I'd class Gate of Ivrel as a reasonably pleasant read, more accessible than some of Cherryh's work, but not in the first rank either. Of course, she was just starting out then.

Timediver's Dawn
The Timegod
By L.E. Modesitt, Jr

These two books form a short series, unrelated to Modesitt's Recluce novels. Like virtually all of Modesitt's books, the main character starts out as a young, callow (but essentially decent) fellow who develops into an incredibly powerful decent fellow who can trash hell out of people who get in his way. As such, they are even better wish-fulfillment than Feist's books. These particular books, which are better than most of the Recluce books, concern a race of timedivers...people who can move from place to place and from time to time by the power of their minds. Together, the provide an interesting picture of the kind of culture that would result.

Fall of Angels
By L.E. Modesitt, Jr

This is the most recent (final?) book in Modesitt's Recluce series, but the earliest chronologically. It concerns an event that's almost a myth at the time of the later books, the foundation of the fortress of Westwind and the coming of the Legend. It also concerns the first black mage, a fellow named Nylan. Like all of the heroes in the Recluce series (Dorrin, Crespin, et al), Nylan is a genuinely nice guy, who really cares about people, builds things with his hands, and uses his powers in an extremely self-sacrificing way to save his people from destruction even though killing their enemies is progressively more painful for him. As such, it follows very much the pattern of The Towers of Sunset and The Magic Engineer. Enjoyable enough, but it doesn't really add much to the series. I must say, though, that Modesitt writes a much better prequel than many other authors (Anne McCaffrey comes to mind...or did you like Dragonsdawn?).

Shadow of a Dark Queen
Rise of a Merchant Prince
Rage of a Demon King
By Raymond E. Feist

These are the three books of Feist's Serpentwar Saga; I suspect another book is in the offing. The Serpentwar Saga is a follow on to Feist's Riftwar Saga, and has much the same feel. He's a good storyteller, and keeps me turning pages...but I have more and more trouble believing in his world with each book. He's got the Skylark Syndrome in spades. The Skylark Syndrome? Many years ago, E.E. "Doc" Smith wrote a series about a spacecraft, The Skylark of Space. During the series (I think) the Skylark and its crew discover a wonderful material for the ship's hull that is impervious to any kind of attack, and build a new ship. Later, they meet any anyway with a deadly energy ray that can cut through their supposedly impervious hull. Then they discover a new material that's even stronger, and so on. Every discovery they make is just the ultimate in strength, something that can't possibly be beaten....except that Smith couldn't continue the series without coming up with something even better. In Feist's case, the problem is finding yet another enemy to threaten the entire world with destruction. Got to be bigger and nastier than the previous enemy, got to threaten the known universe, or it's just no good!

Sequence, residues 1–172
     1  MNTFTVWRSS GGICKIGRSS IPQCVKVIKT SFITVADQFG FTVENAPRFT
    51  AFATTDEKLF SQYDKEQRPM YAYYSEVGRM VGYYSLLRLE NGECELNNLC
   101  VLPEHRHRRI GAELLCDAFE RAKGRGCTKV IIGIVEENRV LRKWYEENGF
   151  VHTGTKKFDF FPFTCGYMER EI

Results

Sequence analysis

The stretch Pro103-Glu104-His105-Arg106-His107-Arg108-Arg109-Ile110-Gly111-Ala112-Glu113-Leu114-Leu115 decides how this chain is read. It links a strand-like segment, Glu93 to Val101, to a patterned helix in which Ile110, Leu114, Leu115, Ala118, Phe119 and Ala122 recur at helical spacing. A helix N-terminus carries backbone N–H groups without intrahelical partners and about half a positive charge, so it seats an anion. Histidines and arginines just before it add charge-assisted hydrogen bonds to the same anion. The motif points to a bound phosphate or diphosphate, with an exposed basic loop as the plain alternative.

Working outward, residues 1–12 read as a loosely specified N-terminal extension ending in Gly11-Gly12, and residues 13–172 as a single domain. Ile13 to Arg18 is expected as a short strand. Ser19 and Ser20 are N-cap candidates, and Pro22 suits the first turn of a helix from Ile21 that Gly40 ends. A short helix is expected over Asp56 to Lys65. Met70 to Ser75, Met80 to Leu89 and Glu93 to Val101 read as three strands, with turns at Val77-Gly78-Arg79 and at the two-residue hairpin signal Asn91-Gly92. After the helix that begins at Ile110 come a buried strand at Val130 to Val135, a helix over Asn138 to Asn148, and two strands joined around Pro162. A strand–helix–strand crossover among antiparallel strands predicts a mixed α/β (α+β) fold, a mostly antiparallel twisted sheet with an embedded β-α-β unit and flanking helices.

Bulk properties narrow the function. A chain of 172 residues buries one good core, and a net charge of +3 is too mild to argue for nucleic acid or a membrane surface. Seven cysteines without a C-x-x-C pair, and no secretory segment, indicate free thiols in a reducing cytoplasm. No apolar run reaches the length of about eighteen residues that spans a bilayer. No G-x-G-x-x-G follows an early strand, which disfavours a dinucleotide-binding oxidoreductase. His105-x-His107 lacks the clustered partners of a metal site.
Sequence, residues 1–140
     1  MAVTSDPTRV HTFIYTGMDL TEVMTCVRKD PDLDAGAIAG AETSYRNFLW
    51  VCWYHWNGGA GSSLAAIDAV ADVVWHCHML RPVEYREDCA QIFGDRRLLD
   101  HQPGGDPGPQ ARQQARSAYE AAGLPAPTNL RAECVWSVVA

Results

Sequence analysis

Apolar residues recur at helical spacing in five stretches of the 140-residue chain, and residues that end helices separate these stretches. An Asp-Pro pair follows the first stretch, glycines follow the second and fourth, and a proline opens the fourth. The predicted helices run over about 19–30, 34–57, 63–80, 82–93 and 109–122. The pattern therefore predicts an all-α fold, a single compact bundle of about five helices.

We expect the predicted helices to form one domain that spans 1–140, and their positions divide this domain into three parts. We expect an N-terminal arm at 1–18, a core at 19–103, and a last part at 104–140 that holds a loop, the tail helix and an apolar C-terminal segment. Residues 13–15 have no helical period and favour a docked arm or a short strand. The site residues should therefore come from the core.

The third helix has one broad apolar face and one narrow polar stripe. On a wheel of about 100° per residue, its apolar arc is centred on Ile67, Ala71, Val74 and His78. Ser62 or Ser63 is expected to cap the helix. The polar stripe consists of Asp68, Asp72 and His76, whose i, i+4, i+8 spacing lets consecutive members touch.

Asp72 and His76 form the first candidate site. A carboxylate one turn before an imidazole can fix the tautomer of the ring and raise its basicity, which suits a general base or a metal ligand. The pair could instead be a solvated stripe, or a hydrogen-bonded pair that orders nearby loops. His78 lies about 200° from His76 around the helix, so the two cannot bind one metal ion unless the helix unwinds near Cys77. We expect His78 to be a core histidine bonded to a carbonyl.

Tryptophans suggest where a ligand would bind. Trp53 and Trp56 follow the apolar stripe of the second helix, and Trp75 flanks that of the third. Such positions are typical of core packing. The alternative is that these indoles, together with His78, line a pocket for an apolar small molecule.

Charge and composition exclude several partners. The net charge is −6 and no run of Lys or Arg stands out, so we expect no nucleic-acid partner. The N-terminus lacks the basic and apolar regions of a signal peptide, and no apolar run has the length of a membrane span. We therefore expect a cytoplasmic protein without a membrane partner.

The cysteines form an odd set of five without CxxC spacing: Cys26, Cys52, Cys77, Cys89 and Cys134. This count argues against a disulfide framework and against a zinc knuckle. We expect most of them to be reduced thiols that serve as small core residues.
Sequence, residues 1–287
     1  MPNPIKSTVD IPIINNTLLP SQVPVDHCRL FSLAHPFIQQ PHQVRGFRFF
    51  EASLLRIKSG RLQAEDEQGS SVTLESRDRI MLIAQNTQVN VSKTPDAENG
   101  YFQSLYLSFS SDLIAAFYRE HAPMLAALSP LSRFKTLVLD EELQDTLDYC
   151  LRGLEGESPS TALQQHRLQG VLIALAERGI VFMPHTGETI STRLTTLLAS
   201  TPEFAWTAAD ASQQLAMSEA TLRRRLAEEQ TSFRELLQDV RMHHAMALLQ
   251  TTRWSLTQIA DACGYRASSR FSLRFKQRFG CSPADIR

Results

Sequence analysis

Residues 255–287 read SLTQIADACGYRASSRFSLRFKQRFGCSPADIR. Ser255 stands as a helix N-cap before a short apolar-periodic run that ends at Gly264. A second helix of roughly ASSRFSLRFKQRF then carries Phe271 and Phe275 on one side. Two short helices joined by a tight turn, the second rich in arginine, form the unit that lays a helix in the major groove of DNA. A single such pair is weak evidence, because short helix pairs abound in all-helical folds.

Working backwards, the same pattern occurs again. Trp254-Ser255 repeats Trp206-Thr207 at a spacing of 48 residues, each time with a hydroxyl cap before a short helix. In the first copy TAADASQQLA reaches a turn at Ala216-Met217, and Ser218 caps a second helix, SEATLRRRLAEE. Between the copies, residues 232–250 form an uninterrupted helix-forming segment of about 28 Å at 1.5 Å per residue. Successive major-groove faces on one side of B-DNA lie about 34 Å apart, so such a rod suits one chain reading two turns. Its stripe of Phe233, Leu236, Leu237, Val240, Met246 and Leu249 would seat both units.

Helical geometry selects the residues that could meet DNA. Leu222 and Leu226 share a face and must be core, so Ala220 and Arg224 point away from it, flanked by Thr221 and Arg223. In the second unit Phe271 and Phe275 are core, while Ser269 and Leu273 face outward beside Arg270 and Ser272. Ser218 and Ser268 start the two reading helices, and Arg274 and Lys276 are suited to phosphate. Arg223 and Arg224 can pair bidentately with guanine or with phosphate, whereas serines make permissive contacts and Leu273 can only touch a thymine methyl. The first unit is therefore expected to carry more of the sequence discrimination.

It's interesting to compare Feist's stuff with J.R.R. Tolkien's. In The Lord of the Rings, a simple hobbit is called upon to find the strength to defeat the Dark Lord...not by becoming so powerful that he could defeat the Dark Lord by main strength, but by fighting to remain himself. Most of Feist's work, on the other hand, involves ordinary kids who grow up to be quite extraordinary, amazingly powerful adults who defeat the bad guys by their extreme power, good humor, and pragmatism. I've heard Tolkien dismissed as escapist wish-fulfillment, but he doesn't hold a candle to Ray Feist.

The Belgariad
By David Eddings

The Belgariad is one story spread over five volumes: Pawn of Prophecy, Queen of Sorcery, Magician's Gambit, Castle of Wizardry, and Enchanter's Endgame. The chess motif doesn't extend past the titles. I've read these a number of times; they're quick-moving, shallow, and fun: good light reading, if you like sword and sorcery fantasy. I don't particularly recommend the sequels (a second five-volume set, under the title The Mallorean), or what I've read of his later books. When fresh, his style is pleasant enough, but it grows cloying with repetition.